March 15, 2007

City To Lease Former Garment Factory To Pallet Manufacturer

After lying vacant for nearly one year, the former garment factory building located at 214 E. Monroe Street in Memphis, will once again be housing a business.

At a special meeting on March 7th, the Memphis City Council voted 4-0 to enter a two-year lease with Mike Doubet to rent the facility to the Memphis businessman to house his pallet construction business.

Doubet will be relocating his operation from the current location on Highway 136 in Memphis. The company currently has three employees that build and rehabilitate pallets.

The contract calls for a $350 per month rent.

The agreement was approved despite some debate regarding the future of the building.

Alderman Chris Feeney suggested the city should pursue selling the site. He pointed out that the annual rent, $4,200, would likely be consumed in building repairs, upkeep and insurance. He argued that the sale of the building would put it back on the tax roll, generating $1,500 in tax revenue annually and would provide the city with capital to reinvest, possibly with the construction of a new industrial development site.

Alderman Brian Brush stated he was in favor of renting the building to Doubet, who was in need of a building because his current location, a former service station, was scheduled for groundwork that was forcing the pallet business to vacate the site. He also argued that the site had been vacant for nearly a year, without any prospective buyers expressing interest.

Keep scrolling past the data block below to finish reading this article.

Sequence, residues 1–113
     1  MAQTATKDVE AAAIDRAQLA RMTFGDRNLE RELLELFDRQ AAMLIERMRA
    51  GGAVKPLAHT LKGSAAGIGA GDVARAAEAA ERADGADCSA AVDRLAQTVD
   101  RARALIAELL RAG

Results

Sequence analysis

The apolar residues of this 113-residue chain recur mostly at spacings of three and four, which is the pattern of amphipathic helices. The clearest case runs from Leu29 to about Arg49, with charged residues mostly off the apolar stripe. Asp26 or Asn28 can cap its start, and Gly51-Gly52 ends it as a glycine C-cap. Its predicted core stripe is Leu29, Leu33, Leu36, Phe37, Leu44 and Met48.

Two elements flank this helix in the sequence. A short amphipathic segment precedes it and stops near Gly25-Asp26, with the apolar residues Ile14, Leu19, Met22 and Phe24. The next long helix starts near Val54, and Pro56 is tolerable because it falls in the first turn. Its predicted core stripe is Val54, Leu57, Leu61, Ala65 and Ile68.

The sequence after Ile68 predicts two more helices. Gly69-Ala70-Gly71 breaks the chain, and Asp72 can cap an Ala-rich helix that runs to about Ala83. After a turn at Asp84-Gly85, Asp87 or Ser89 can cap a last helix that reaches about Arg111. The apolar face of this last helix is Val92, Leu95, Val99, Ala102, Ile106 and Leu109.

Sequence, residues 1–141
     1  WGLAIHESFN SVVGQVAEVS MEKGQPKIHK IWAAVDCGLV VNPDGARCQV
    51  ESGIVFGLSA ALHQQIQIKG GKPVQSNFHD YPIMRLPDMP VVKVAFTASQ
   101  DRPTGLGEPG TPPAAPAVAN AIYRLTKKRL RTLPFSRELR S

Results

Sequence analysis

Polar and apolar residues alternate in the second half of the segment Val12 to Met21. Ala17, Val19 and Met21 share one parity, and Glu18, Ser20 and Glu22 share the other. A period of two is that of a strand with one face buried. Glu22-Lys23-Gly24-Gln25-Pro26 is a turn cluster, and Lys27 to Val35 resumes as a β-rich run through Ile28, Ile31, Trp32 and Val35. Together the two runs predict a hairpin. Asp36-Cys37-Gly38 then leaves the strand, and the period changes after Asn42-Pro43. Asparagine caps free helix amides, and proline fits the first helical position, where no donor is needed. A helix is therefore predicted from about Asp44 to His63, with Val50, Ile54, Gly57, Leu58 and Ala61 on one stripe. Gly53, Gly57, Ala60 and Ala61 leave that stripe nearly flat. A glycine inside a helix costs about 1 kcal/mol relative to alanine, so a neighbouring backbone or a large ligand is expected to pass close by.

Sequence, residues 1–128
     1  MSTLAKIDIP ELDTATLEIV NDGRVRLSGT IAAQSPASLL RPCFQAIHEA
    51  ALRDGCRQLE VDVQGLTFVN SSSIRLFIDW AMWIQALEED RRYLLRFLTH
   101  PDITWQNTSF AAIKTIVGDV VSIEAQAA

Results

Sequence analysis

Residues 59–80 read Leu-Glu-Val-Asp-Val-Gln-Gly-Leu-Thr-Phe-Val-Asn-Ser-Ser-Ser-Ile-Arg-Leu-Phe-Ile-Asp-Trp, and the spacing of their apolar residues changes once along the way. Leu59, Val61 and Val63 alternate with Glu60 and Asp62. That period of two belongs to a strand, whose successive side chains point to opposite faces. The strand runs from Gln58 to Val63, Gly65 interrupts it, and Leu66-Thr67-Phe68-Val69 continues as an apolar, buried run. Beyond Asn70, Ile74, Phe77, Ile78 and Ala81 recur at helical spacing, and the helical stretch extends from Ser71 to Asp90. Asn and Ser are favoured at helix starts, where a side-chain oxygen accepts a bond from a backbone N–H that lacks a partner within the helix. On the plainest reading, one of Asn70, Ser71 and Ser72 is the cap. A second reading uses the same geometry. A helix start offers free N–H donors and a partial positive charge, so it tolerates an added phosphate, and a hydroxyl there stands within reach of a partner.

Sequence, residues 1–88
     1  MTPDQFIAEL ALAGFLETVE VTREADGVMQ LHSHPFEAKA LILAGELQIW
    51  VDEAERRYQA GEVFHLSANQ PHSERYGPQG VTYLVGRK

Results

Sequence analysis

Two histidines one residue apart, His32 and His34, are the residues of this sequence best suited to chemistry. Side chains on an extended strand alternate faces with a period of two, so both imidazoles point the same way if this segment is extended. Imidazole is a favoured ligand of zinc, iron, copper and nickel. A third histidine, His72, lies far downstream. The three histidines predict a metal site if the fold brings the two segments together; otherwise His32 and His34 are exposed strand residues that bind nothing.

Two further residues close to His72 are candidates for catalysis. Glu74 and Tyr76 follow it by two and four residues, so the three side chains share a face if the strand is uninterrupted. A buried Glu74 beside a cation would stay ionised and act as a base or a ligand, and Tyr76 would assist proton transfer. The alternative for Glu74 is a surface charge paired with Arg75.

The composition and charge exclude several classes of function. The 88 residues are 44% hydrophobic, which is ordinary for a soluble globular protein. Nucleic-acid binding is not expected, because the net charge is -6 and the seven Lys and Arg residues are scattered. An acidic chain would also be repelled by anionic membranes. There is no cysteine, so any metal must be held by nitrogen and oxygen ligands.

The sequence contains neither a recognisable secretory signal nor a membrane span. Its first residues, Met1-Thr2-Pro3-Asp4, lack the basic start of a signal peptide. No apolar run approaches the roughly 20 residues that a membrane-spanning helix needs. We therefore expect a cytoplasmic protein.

“The building had been available all of this time, but now that someone is interested in renting it, that’s when a buyer steps forward, and I don’t think that is right,” Brush stated.

Alderman Ron Gardner stated he was in favor of the lease because it meant keeping a business in Memphis. Without the facility, Doubet might have been forced to move outside of city limits or even leave the community.

Alderman Feeney noted that he was not opposed to leasing the building to Doubet.

“My number one priority is getting something in that building,” he said. “I would at least like us to consider selling the site, for the reasons I have mentioned, but if we do not pursue that option, I will not stand in the way of renting it.”

Feeney did suggest the city consider a one-year lease, arguing that the shorter term would keep the city more in control of its options.

Alderman Lucas Remley noted that he had no problem with a two-year agreement but did state he would like the city to consider a higher rent.

Doubet stated that he sought the two-year agreement to show his commitment to the project. He indicated the facility, which has more than twice the amount of space as his former site, will allow him to grow, which could mean additional jobs.

Ultimately the council voted 4-0 to enter the two-year agreement with Doubet, who expects to begin moving into the new location this month and to be fully operational by April.

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